Effects of EMDR on previously abused child molesters: Theoretical reviews and preliminary findings from Ricci, Clayton, and Shapiro

Description

We publish in this issue a preliminary and tentative account of the reduction of deviant sexual arousal, as measured by phallometry, by eye movement desensitisation and reprocessing (EMDR). The purpose of this editorial is to show that the conclusions of Davidson and Parker (2001), and the comment by Salkovskis, can now be set aside, and to present our readers with some theoretical thoughts on some of the mechanisms by which EMDR could induce its effects, including trauma reduction. A major bar to the further acceptance of EMDR as a treatment and as an inviting research topic stems from the fact that workers still cannot see how eye movements can cause the reported clinical changes and the increasing number of temporally related psycho-physiological phenomena. This editorial suggests that the organs of computation of the mind have evolved by natural selection to solve problems of survival and, signally, include corollary discharge and feed forward (CD-FF) mechanisms by which they intrinsically function and also interact with one another.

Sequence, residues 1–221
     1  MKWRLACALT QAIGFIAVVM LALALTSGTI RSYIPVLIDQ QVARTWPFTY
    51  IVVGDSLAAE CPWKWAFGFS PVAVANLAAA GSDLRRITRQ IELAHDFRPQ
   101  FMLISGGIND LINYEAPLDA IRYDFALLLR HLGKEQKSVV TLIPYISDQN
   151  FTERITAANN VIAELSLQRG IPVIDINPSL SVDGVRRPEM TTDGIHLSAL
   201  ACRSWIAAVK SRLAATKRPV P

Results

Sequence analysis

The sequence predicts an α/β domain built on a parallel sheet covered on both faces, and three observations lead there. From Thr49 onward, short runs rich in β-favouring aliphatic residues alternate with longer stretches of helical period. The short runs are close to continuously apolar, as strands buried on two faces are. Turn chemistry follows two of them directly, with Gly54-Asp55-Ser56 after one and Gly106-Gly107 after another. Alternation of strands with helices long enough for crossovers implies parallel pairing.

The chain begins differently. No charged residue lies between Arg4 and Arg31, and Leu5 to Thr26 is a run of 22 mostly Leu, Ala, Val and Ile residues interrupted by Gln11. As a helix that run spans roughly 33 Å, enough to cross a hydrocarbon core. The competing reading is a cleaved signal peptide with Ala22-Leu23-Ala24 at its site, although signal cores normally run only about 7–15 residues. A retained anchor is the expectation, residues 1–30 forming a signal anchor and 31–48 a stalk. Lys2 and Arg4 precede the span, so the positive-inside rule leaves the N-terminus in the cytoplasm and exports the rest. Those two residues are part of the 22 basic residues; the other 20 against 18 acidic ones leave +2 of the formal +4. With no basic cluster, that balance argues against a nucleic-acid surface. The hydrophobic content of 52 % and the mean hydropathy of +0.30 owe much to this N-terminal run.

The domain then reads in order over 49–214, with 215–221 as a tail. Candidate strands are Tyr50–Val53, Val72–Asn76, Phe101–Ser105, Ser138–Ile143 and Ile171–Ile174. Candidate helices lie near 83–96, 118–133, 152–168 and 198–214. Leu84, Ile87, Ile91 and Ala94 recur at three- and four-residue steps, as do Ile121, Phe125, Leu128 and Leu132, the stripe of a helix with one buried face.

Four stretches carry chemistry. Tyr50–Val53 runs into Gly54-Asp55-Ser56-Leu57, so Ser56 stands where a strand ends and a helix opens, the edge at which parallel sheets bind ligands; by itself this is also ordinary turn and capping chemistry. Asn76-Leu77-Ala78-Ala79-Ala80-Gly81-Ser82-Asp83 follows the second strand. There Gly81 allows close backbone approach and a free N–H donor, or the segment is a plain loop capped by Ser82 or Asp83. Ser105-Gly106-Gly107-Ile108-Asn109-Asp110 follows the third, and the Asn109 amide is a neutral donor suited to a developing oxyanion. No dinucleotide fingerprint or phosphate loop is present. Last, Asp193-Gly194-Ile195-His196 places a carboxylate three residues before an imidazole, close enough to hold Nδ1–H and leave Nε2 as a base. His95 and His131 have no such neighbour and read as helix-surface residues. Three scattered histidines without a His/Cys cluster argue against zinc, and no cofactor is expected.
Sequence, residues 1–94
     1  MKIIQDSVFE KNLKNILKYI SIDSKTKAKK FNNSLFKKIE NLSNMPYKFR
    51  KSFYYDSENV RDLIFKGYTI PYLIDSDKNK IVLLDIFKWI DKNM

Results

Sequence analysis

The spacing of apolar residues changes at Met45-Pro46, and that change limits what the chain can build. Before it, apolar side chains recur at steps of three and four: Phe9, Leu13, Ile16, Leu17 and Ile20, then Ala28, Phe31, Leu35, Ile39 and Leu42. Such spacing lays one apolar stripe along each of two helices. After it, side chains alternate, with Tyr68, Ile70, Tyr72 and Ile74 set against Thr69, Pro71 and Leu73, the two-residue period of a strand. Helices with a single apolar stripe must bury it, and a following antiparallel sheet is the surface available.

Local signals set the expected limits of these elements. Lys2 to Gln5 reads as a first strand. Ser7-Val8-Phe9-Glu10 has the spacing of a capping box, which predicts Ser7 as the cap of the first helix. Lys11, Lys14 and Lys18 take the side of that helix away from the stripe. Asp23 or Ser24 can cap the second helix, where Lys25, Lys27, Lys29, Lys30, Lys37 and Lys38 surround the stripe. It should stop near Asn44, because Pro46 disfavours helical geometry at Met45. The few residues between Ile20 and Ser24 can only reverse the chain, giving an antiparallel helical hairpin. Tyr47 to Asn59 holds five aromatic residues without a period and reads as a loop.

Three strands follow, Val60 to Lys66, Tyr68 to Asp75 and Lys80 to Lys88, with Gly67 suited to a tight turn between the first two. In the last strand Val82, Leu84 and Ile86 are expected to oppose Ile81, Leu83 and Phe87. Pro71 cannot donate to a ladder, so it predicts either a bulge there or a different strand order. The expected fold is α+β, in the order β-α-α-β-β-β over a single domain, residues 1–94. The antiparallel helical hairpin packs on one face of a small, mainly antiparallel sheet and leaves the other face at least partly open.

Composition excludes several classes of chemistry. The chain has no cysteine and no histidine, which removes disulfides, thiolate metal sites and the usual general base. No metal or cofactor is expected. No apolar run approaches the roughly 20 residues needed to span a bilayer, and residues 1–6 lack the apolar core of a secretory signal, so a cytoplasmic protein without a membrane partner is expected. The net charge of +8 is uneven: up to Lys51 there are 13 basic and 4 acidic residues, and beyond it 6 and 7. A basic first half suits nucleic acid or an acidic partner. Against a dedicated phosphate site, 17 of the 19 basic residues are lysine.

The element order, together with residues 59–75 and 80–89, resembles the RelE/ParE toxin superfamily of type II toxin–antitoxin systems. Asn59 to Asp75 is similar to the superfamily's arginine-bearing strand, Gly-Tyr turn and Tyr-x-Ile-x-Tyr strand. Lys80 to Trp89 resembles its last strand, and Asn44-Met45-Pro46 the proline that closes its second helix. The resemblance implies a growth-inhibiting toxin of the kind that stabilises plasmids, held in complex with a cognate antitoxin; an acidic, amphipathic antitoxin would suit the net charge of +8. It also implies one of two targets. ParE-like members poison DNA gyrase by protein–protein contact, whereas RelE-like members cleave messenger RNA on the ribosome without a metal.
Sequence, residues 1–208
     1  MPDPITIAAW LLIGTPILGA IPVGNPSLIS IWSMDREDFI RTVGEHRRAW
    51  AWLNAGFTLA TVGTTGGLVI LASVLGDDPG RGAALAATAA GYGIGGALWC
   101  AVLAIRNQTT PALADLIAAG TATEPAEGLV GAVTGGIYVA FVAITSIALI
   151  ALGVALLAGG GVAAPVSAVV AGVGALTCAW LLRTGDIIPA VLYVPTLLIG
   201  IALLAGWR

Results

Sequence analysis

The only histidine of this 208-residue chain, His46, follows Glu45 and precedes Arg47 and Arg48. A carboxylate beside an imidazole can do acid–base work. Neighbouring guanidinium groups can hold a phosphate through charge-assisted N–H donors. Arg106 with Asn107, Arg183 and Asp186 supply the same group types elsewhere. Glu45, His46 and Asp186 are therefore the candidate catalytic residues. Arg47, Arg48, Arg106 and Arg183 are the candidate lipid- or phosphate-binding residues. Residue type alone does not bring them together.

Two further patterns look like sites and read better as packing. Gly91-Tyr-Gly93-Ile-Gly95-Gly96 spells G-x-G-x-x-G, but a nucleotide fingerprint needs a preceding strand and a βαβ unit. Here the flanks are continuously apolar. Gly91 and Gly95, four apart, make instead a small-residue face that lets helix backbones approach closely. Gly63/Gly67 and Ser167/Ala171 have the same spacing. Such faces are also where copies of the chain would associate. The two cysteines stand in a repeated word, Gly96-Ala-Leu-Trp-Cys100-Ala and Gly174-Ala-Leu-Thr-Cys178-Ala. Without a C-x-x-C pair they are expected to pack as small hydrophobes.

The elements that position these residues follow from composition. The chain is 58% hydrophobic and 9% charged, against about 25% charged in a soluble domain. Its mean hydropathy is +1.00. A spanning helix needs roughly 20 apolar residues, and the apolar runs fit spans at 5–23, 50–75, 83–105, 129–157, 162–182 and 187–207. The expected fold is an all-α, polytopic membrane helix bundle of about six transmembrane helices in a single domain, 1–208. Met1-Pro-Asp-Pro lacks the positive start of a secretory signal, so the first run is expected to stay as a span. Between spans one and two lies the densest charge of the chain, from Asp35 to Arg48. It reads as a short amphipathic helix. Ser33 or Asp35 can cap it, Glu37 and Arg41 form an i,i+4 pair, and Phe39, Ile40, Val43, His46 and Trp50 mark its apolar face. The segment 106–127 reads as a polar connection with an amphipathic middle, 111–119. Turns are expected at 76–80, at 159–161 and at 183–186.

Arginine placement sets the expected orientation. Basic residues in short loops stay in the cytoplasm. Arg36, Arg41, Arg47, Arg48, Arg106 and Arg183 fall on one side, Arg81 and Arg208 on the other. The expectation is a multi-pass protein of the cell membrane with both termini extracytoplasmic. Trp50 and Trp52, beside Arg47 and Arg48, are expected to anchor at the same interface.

Format

Journal

Language

English

Author(s)

Malcolm MacCulloch

Original Work Citation

MacCulloch, M. (2006, December). Effects of EMDR on previously abused child molesters: Theoretical reviews and preliminary findings from Ricci, Clayton, and Shapiro. Journal of Forensic Psychiatry and Psychology, 17(4), 531-537. doi:10.1080/14789940601075760

Collection

Citation

“Effects of EMDR on previously abused child molesters: Theoretical reviews and preliminary findings from Ricci, Clayton, and Shapiro,” Francine Shapiro Library, accessed October 1, 2020, https://emdria.omeka.net/items/show/16129.

Output Formats